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This chapter is from the book

Using Character Set Ranges

Let's take a look at the file list example again. The last used pattern, [ns]a.\.xls, has another problem. What if a file was named sam.xls? It, too, would be matched because the . matches all characters, not just digits.

Character sets can solve this problem as follows:

sales1.xls
orders3.xls
sales2.xls
sales3.xls
apac1.xls
europe2.xls
sam.xls
na1.xls
na2.xls
sa1.xls
ca1.xls

[ns]a[0123456789]\.xls 

sales1.xls
orders3.xls
sales2.xls
sales3.xls
apac1.xls
europe2.xls
sam.xls
na1.xls
na2.xls
sa1.xls
ca1.xls

In this example, the pattern has been modified so that the first character would have to be either n or s, the second character would have to be a, and the third could be any digit (specified as [0123456789]). Notice that file sam.xls was not matched, because m did not match the list of allowed characters (the 10 digits).

When working with regular expressions, you will find that you frequently specify ranges of characters (0 through 9, A through Z, and so on). To simplify working with character ranges, regex provides a special metacharacter: - (hyphen) is used to specify a range.

Following is the same example, this time using a range:

sales1.xls
orders3.xls
sales2.xls
sales3.xls
apac1.xls
europe2.xls
sam.xls
na1.xls
na2.xls
sa1.xls
ca1.xls

[ns]a[0-9]\.xls 

sales1.xls
orders3.xls
sales2.xls
sales3.xls
apac1.xls
europe2.xls
sam.xls
na1.xls
na2.xls
sa1.xls
ca1.xls

Pattern [0-9] is functionally equivalent to [0123456789], and so the results are identical to those in the previous example.

Ranges are not limited to digits. The following are all valid ranges:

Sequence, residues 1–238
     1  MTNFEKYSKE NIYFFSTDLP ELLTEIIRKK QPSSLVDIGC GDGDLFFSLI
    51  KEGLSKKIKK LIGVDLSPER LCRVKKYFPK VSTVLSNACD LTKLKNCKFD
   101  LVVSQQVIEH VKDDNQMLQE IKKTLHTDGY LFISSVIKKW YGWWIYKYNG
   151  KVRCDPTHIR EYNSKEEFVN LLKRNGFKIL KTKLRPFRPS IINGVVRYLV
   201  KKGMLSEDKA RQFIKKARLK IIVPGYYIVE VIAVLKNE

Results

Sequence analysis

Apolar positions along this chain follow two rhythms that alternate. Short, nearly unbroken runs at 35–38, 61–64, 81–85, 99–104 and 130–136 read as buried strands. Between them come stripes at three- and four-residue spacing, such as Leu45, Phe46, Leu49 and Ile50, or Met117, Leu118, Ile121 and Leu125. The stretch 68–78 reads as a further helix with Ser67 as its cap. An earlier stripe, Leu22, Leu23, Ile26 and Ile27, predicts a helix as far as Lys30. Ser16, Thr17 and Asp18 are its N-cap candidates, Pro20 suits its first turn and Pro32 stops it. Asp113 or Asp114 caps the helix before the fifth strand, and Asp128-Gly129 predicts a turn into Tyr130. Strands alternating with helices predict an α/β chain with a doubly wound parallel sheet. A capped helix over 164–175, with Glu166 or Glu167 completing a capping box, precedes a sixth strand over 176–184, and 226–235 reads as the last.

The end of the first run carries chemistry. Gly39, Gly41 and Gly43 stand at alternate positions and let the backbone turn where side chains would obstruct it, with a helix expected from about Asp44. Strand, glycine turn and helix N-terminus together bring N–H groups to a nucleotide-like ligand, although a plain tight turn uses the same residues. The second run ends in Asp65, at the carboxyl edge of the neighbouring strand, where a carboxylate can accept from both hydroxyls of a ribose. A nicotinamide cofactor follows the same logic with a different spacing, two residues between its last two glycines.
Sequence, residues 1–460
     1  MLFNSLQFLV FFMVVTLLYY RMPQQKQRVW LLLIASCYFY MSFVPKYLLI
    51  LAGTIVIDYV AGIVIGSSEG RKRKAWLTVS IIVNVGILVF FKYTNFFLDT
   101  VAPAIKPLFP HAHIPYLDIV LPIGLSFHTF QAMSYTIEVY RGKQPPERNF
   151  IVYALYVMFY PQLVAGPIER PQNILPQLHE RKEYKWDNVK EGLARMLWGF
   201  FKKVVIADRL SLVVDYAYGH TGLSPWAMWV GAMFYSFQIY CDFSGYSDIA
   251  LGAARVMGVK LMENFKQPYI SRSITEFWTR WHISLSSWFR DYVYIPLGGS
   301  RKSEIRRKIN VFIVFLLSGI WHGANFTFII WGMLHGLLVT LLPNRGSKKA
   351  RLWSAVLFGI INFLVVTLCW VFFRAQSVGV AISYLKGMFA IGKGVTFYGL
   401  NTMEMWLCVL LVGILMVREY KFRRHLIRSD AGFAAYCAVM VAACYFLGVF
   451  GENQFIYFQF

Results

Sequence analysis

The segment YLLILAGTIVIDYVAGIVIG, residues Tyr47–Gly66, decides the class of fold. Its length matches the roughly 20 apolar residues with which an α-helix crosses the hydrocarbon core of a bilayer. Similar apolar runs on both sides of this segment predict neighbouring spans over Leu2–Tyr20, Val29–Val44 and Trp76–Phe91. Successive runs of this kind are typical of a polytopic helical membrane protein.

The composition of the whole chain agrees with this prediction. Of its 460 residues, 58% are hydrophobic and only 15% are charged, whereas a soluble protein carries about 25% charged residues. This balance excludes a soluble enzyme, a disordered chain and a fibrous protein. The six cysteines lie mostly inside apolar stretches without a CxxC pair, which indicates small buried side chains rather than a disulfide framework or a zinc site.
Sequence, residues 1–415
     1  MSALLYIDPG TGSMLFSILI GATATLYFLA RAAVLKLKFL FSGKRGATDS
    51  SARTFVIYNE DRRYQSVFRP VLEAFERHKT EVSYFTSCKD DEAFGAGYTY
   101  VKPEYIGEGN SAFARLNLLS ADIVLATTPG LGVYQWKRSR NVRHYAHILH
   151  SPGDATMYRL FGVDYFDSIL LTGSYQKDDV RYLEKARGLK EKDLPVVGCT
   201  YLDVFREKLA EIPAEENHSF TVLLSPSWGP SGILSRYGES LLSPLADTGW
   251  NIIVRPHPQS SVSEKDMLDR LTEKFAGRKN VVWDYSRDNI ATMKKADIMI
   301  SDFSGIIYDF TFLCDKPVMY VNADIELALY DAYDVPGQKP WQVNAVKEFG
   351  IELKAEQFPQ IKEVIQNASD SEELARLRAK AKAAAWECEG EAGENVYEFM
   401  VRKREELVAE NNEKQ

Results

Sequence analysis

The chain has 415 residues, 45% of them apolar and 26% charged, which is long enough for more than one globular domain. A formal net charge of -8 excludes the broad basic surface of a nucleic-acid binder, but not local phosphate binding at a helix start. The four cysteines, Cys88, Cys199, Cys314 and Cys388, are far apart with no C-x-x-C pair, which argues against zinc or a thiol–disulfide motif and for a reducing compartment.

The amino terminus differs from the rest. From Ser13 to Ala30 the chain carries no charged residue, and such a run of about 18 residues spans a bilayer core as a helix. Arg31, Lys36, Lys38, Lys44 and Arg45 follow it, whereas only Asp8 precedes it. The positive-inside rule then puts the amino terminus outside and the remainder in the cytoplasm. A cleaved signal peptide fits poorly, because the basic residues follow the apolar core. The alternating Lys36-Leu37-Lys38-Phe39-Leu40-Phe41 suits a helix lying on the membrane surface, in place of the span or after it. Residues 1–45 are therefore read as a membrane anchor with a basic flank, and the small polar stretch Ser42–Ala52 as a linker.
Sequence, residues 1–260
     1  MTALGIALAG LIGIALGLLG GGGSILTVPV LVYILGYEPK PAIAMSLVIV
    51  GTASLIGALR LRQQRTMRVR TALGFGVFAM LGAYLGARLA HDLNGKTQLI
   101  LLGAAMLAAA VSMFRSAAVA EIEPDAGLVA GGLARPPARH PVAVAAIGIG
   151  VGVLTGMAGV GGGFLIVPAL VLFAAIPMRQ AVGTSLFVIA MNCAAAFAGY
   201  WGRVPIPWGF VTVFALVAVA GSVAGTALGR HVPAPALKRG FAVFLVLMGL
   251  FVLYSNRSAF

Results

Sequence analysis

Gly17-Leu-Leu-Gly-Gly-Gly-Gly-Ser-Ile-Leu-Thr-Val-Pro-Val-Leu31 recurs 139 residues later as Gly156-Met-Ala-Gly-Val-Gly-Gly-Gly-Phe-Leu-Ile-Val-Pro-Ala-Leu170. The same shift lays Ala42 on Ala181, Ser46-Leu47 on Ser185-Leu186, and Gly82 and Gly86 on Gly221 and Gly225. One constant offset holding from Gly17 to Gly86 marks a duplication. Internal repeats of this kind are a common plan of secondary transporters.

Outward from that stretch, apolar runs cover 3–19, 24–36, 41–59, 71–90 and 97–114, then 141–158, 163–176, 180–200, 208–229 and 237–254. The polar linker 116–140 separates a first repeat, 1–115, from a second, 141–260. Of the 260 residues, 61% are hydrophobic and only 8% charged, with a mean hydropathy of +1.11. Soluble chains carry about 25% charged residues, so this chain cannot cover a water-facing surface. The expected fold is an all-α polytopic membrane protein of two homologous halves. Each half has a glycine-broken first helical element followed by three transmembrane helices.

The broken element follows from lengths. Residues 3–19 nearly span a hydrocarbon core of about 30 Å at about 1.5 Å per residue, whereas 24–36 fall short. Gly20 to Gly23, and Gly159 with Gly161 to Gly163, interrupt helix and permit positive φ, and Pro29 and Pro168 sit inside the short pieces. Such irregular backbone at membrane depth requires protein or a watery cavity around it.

• A-Z matches all uppercase characters from A to Z.

  • a-z matches all lowercase characters from a to z.

  • A-F matches only uppercase characters A to F.

  • A-z matches all characters between ASCII A to ASCII z (you should probably never use this pattern, because it also includes characters such as [ and ^, which fall between Z and a in the ASCII table).

Any two ASCII characters may be specified as the range start and end. In practice, however, ranges are usually made up of some or all digits and some or all alphabetic characters.

TIP

When you use ranges, be careful not to provide an end range that is less than the start range (such as [3-1]). This will not work, and it will often prevent the entire pattern from working.

NOTE

- (hyphen) is a special metacharacter because it is only a metacharacter when used between [ and ]. Outside of a set, is a literal and will match only -. As such, - does not need to be escaped.

Multiple ranges may be combined in a single set. For example, the following pattern matches any alphanumeric character in uppercase or lowercase, but not anything that is neither a digit nor an alphabetic character:

[A-Za-z0-9]

This pattern is shorthand for

 [ABCDEFGHIJKLMNOPQRSTUVWXYZabcde
fghijklmnopqrstuvwxyz01234567890]

As you can see, ranges makes regex syntax much cleaner.

Following is one more example, this time finding RGB values (colors specified in a hexadecimal notation representing the amount of red, green, and blue used to create the color). In Web pages, RGB values are specified as #000000 (black), #FFFFFF (white), #FF0000 (red), and so on. RGB values may be specified in uppercase or lowercase, and so #FF00ff (magenta) is legal, too. Here's the example:

<BODY BGCOLOR="#336633" TEXT="#FFFFFF"
   MARGINWIDTH="0" MARGINHEIGHT="0"
   TOPMARGIN="0" LEFTMARGIN="0">

#[0-9A-Fa-f][0-9A-Fa-f][0-9A-Fa-f]
[0-9A-Fa-f][0-9A-Fa-f][0-9A-Fa-f]

<BODY BGCOLOR="#336633" TEXT="#FFFFFF"
   MARGINWIDTH="0" MARGINHEIGHT="0"
   TOPMARGIN="0" LEFTMARGIN="0">

The pattern used here contains # as literal text and then the character set [0-9A-Fa-f] repeated six times. This matches # followed by six characters, each of which must be a digit or A through F (in either uppercase or lowercase).

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